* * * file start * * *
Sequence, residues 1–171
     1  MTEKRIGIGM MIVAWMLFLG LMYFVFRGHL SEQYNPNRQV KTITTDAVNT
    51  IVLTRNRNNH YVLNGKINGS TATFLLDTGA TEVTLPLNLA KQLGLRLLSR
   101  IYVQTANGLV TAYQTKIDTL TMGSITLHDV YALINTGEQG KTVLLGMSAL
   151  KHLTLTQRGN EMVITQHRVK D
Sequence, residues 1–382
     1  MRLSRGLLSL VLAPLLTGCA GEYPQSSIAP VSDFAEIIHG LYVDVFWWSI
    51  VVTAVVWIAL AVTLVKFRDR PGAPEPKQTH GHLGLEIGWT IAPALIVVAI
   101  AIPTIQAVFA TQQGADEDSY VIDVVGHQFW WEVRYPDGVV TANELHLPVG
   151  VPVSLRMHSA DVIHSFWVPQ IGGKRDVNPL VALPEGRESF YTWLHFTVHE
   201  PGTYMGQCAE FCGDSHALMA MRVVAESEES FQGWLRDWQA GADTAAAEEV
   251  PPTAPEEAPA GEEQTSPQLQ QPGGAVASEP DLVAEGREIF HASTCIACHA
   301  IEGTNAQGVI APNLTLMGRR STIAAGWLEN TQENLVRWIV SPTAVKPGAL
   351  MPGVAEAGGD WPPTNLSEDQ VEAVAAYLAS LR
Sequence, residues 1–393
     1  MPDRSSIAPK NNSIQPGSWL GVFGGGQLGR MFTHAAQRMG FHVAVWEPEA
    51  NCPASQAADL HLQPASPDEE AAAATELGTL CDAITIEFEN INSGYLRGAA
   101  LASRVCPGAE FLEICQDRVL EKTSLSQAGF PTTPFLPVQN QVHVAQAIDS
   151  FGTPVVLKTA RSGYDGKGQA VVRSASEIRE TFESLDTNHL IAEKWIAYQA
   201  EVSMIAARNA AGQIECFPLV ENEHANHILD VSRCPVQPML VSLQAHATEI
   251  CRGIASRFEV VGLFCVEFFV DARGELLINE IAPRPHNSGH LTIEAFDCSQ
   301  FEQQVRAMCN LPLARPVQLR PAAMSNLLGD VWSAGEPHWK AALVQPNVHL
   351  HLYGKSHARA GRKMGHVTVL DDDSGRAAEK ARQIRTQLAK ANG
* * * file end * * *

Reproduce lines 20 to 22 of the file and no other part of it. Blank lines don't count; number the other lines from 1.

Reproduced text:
   201  EVSMIAARNA AGQIECFPLV ENEHANHILD VSRCPVQPML VSLQAHATEI
   251  CRGIASRFEV VGLFCVEFFV DARGELLINE IAPRPHNSGH LTIEAFDCSQ
   301  FEQQVRAMCN LPLARPVQLR PAAMSNLLGD VWSAGEPHWK AALVQPNVHL